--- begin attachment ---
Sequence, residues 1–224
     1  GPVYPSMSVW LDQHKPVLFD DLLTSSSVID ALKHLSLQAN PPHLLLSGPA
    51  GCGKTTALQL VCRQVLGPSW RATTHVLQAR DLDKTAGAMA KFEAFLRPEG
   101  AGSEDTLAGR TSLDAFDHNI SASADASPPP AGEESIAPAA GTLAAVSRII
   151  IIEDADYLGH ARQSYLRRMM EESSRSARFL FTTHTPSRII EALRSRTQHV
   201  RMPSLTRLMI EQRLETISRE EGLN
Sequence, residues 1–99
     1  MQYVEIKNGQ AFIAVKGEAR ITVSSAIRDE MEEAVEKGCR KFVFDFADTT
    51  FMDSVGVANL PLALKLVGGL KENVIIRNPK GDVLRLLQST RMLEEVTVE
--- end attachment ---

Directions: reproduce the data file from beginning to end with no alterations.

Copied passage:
Sequence, residues 1–224
     1  GPVYPSMSVW LDQHKPVLFD DLLTSSSVID ALKHLSLQAN PPHLLLSGPA
    51  GCGKTTALQL VCRQVLGPSW RATTHVLQAR DLDKTAGAMA KFEAFLRPEG
   101  AGSEDTLAGR TSLDAFDHNI SASADASPPP AGEESIAPAA GTLAAVSRII
   151  IIEDADYLGH ARQSYLRRMM EESSRSARFL FTTHTPSRII EALRSRTQHV
   201  RMPSLTRLMI EQRLETISRE EGLN
Sequence, residues 1–99
     1  MQYVEIKNGQ AFIAVKGEAR ITVSSAIRDE MEEAVEKGCR KFVFDFADTT
    51  FMDSVGVANL PLALKLVGGL KENVIIRNPK GDVLRLLQST RMLEEVTVE